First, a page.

Bryant detailed that after a flurry of “Rest in Peace Kobe” notices, she went to fetch her daughter Natalia, who was attending college entrance exams that morning.
“I told her that Dad and Gigi had an accident. Not to worry. I’m sure they’re okay, because there are five survivors, ”Bryant recalls, telling his daughter. “And I’m sure Dad and Gigi are okay. I just felt, I knew that they would help people. “
Bryant recalls rushing to the airport, where she tried to board a helicopter to quickly fly from Orange County to Calabasas, where a helicopter crashed with her husband, daughter and seven other people.
This plan was quickly thwarted, and the owner of one of the helicopters told Bryant, “I can’t fly with you. The weather conditions are very bad. “
From the airport, Lakers general manager Rob Pelinka drove Bryant to Los Angeles County Sheriff’s Department in Malibu Lost Hills for nearly two hours.
“I kept asking if everything was okay with my husband and daughter,” she said. “Nobody would answer me.”
Bryant described a poorly prepared and chaotic scene at the sheriff’s station, where she was sent to different rooms.
“Then they took us to this little storage room, where we waited and waited. One sheriff was present. And I asked him: what is going on? Why doesn’t anyone tell me what’s going on? ”
Eventually, Sheriff Alex Villanueva walked in to greet Bryant, accompanied by the pastor and another woman who later introduced herself as a publicist.
“I asked her to leave because I wanted privacy,” Bryant said.
Villanueva told Bryant about the deaths of her husband and daughter and then asked, “Is there anything I can do for you?”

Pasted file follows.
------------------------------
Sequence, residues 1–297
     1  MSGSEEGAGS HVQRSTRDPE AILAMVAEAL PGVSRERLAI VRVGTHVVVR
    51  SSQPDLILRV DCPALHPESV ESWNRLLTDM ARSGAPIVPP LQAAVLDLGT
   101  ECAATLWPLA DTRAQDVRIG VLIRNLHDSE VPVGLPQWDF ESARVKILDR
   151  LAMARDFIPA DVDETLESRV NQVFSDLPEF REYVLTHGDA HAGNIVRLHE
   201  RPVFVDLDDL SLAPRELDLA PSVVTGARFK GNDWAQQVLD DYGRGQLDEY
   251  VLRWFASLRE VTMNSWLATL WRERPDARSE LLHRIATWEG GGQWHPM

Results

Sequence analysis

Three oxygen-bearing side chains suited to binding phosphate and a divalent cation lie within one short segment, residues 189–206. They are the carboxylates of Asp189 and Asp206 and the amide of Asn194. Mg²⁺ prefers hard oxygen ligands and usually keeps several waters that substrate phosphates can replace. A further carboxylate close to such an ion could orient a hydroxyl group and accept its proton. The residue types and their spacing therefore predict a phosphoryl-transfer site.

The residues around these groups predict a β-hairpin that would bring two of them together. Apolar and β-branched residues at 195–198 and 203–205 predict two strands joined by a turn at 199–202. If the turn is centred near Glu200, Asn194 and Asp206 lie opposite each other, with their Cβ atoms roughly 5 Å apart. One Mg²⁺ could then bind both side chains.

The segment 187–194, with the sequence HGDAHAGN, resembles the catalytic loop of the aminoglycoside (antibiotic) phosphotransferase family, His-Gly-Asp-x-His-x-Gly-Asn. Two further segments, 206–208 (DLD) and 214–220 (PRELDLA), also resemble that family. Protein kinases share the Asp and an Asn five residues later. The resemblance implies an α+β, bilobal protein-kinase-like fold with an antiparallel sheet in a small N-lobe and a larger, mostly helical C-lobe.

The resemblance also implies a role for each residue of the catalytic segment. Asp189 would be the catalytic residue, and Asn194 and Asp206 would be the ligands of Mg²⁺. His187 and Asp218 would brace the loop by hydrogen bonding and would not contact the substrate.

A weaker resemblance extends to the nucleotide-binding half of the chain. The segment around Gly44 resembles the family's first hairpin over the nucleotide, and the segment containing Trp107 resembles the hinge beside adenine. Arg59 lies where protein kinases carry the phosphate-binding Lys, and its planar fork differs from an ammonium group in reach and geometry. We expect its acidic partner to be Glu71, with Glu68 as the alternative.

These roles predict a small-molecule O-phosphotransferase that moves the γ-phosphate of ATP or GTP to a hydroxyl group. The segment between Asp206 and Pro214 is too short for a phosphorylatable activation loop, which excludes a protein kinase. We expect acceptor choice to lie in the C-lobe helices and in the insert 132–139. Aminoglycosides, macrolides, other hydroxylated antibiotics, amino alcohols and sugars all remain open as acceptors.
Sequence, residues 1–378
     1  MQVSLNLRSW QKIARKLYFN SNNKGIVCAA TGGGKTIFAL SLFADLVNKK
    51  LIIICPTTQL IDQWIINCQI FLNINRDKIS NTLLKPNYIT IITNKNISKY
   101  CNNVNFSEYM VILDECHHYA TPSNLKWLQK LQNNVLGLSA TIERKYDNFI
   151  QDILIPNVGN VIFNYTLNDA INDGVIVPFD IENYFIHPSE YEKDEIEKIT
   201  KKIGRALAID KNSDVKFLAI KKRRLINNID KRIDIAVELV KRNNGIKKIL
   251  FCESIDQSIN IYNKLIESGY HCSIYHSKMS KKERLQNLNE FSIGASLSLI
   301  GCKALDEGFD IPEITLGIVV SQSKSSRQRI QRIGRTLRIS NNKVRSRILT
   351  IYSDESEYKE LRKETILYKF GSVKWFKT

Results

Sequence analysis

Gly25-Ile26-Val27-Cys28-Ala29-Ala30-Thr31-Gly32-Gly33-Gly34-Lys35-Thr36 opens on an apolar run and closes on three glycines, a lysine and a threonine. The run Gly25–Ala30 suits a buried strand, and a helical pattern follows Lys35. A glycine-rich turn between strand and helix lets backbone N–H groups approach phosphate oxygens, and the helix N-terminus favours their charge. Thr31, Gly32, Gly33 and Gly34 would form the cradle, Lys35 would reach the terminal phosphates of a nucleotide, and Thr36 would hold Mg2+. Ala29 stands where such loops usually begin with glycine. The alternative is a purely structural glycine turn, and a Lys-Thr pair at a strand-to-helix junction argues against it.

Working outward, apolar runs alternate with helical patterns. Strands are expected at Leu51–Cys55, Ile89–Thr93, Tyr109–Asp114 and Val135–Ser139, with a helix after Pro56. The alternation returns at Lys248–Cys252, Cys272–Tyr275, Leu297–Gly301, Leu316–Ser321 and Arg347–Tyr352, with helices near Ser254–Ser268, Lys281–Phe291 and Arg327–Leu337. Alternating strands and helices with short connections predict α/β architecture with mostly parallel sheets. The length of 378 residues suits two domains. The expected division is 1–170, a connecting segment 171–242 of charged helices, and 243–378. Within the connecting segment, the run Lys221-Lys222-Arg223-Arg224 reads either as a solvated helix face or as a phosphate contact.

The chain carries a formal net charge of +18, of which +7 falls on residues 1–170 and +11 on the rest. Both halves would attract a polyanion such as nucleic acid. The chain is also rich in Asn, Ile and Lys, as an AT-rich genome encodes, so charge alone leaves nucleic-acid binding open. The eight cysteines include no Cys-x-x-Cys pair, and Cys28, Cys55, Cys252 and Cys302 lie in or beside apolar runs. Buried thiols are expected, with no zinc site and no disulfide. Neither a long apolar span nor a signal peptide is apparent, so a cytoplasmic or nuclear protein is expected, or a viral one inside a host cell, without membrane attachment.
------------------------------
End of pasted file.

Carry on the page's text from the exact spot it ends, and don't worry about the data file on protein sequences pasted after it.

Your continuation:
“And I said, if you can’t get my husband and child back, please make sure no one is taking pictures of them. Please secure the area, ”Bryant recalled.
Villanueva assured her that he would keep the area safe, prompting Bryant to make a more direct and compelling request.
“I said: no, I need you to call right now, and I need you to make sure that you are guarding the territory,” she recalled.
Villanueva left, then returned and, according to Bryant, told her: “It’s okay. The area is safe.
But weeks after the fatal disaster, an investigation by the Los Angeles Times revealed that MPs had shared grim photographs of the scene.
Bryant testified that the clothes of her dead daughter and husband suggested the condition of their bodies – and the gruesome scene that would be contained in the depictions of the crash sites.
“I have the clothes of a husband and daughter. And I can say that they … they suffered a lot, ”Bryant said. “And if their clothes reflect the state of their bodies, I can’t imagine how someone could be so callous and not respect them or our friends, but just share images as if they were animals on the street.”
On many occasions in testimony, Miller, an attorney representing Los Angeles County, apologized for hours of interrogation.
“I’m really sorry you had to go through this, but as I said at the beginning, I have to do my job,” Miller said.
“I don’t have to go through this. It’s not just a lawsuit, ”Bryant replied.
“I agree,” Miller said. “But you filed a lawsuit.”
Bryant was blunt: “I want accountability.”